Since Sarcos Robotics acquired RE2 Robotics for $100 million in spring 2022, effectively taking it public, the two companies have faced the challenge of becoming a cohesive unit, mission first.
Last year was spent figuring out how RE2’s Pittsburgh team and Sarcos’ Salt Lake City employees were going to work together, Sarcos Chief Operating Officer Jorgen Pedersen told this reporter during a tour of the facilities. Pedersen, RE2’s founder and former CEO, explained that despite the new name, the company’s goal has remained the same: to create robots that assist with “injury prone” jobs.
“We’re looking to go into the world, whether that be in a construction site, or out onto a tarmac, and help workers do their jobs more safely,” Pedersen said. “That’s what drew Sarcos to us. We were aligned in our vision, so at the time of acquisition, nothing had to change, really.”
Away from the restaurants and tattoo shops in Lawrenceville, before the acquisition, the company was already undergoing a lot of changes. Pedersen recalled that since 2020, the RE2 staff in Pittsburgh has doubled from 50 to 100. During that time, the company also expanded to two new buildings in the neighborhood. Still, due to a lack of space while the company searches for a fourth location, some of the employees have continued working remotely. That is, with the exception of engineers and manufacturers.
“During the design phase, you can be anywhere if you’re just writing code, but during the test phase you need to be on site,” Pedersen said. “COVID changed the world.”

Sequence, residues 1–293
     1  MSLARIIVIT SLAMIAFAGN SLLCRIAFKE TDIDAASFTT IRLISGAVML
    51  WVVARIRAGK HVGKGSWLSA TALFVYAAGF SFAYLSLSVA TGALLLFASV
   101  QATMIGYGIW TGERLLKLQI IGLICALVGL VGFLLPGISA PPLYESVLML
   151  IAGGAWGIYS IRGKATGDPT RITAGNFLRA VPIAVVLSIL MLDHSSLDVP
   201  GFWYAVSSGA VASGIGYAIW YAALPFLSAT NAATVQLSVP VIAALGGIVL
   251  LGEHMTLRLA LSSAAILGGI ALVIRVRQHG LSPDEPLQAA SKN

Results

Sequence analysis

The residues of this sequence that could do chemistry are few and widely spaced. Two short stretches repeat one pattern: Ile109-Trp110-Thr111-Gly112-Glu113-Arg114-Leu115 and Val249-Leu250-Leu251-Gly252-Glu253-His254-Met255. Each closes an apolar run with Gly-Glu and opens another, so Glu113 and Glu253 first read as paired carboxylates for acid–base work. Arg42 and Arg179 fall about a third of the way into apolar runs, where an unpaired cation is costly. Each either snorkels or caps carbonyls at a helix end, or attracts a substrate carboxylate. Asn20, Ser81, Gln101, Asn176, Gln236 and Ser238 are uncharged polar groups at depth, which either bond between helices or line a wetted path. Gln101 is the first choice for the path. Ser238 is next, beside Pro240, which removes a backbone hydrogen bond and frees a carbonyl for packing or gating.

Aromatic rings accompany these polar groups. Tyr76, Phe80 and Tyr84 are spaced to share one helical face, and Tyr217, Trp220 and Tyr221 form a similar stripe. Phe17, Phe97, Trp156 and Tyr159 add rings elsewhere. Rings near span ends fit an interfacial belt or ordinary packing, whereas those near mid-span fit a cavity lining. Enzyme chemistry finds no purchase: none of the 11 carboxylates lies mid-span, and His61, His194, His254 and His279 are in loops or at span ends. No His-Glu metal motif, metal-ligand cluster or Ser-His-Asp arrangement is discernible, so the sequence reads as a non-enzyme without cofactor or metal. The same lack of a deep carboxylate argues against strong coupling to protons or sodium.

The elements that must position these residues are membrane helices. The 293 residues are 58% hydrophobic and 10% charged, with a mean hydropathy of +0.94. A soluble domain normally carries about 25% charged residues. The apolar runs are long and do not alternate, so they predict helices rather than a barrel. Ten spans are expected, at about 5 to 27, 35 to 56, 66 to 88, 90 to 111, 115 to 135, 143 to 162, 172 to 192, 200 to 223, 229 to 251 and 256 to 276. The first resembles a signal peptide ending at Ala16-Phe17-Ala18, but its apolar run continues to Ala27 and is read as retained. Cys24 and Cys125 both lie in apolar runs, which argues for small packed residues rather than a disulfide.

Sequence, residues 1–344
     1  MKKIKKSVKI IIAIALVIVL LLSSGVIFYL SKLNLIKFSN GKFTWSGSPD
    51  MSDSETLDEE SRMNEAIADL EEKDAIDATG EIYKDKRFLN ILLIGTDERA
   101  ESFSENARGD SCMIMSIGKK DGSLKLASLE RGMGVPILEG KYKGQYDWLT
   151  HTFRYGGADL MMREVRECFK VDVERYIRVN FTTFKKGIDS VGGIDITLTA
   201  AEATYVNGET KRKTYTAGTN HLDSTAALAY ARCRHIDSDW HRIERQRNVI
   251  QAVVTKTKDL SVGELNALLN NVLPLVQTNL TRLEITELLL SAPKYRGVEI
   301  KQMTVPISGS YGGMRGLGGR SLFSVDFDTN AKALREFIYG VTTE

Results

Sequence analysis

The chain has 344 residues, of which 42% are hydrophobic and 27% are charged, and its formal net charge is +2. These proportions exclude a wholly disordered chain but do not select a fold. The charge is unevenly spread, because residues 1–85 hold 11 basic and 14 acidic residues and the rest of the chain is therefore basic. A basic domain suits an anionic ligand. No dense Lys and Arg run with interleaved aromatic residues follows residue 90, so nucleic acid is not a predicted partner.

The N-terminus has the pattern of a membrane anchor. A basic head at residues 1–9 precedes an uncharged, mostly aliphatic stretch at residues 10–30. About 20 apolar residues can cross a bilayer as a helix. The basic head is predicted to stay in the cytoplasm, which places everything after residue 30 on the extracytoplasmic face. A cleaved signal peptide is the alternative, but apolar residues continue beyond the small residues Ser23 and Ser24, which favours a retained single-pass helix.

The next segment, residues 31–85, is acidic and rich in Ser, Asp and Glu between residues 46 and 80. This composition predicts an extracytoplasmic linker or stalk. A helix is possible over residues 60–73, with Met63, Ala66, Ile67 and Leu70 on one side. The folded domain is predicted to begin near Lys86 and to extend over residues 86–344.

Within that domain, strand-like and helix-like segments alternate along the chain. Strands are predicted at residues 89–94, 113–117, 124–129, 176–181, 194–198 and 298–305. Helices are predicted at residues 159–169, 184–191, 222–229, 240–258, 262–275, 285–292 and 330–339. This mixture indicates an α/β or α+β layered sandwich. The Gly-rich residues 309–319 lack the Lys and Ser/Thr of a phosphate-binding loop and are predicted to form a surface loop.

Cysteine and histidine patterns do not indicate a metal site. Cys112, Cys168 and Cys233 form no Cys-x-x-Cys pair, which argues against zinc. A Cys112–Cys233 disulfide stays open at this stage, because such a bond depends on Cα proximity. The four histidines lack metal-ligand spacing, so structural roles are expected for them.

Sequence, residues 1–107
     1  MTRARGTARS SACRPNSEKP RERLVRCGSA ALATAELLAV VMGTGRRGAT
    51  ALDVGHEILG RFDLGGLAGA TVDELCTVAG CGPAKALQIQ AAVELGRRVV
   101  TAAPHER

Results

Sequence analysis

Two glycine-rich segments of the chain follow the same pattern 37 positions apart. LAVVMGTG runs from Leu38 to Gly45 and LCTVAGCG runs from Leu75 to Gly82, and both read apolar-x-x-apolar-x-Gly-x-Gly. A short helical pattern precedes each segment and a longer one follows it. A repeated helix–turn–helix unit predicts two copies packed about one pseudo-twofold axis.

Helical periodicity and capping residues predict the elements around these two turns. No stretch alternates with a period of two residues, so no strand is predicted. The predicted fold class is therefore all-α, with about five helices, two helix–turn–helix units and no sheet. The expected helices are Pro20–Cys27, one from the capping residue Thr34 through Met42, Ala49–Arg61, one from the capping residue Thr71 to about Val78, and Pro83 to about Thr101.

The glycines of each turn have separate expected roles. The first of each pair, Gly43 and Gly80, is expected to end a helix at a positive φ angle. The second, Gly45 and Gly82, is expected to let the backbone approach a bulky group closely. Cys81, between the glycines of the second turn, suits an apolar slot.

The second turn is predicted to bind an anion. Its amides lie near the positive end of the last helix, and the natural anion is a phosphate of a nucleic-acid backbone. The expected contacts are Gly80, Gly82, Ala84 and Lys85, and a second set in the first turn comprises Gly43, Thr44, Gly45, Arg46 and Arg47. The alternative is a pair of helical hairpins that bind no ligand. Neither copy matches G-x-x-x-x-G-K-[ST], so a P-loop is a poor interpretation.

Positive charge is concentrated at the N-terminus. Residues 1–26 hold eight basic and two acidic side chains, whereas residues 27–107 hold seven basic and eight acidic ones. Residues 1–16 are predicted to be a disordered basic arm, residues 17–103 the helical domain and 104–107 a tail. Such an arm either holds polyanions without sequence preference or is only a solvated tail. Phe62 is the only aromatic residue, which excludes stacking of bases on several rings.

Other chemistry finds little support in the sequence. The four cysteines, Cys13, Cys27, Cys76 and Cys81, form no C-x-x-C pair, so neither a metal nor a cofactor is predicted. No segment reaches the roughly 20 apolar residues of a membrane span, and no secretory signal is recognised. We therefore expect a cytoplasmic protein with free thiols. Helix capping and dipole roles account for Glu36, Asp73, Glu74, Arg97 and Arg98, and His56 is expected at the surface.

So, what’s being built in the Lawrenceville facilities? If you walked in, you could see engineers working on the O-AMPP, a robotics system for solar field construction through a partnership with JLG Industries that began before the Sarcos acquisition. Although it’s still a work in progress, by the time it’s finished, the hope is that it’ll leave the heavy lifting involved in placing solar panels to the robot and ease the physical burden for human workers.
Pedersen believes that RE2 and Sarcos’ shared desire to make jobs that range from mundane to hazardous safer and more efficient is why the two companies fit together so well.
“We had complementary technologies,” Pedersen said. “They had more anthropomorphic technologies and exoskeletons, we had more mobile manipulation technologies. So when the worlds came together, it was just a nice dovetail of capabilities, which was not only additive, it multiplied our capability.”
Scattered throughout the Sarcos buildings are robots that chart the company’s history before and after the acquisition. Lined up under news clippings that explain their significance are smaller machines that were produced when Carnegie Mellon University was RE2’s biggest customer. The machines also show when the company shifted over to robots constructed to suit the Department of Defense’s needs in 2005.
Now the company divides its work between commercial and defense and is constantly looking to hire engineers to keep up with the demand for its products. No employees from Salt Lake City have transferred to the Pittsburgh location, so most of its hires come from the city.
“It’s easier to hire in Pittsburgh because the talent pool is larger,” Pedersen said.
He added that he believes that was a part of the draw for Sarcos. Furthermore, due to so much of the hardware being made here, Salt Lake City employees travel to Pittsburgh more than in the reverse (though Pedersen himself ventures to Salt Lake City at least once a quarter).
All the same, Pedersen says that nearly a year after the acquisition was finalized, the engineering teams can work together collaboratively on projects.
“The engineering teams are coming together and starting to jointly develop technology,” he said. “It’s not just Pittsburgh and it’s not just Salt Lake City, it’s everyone together.”Atiya Irvin-Mitchell is a 2022-2023 corps member for Report for America, an initiative of The Groundtruth Project that pairs young journalists with local newsrooms. This position is supported by the Heinz Endowments.
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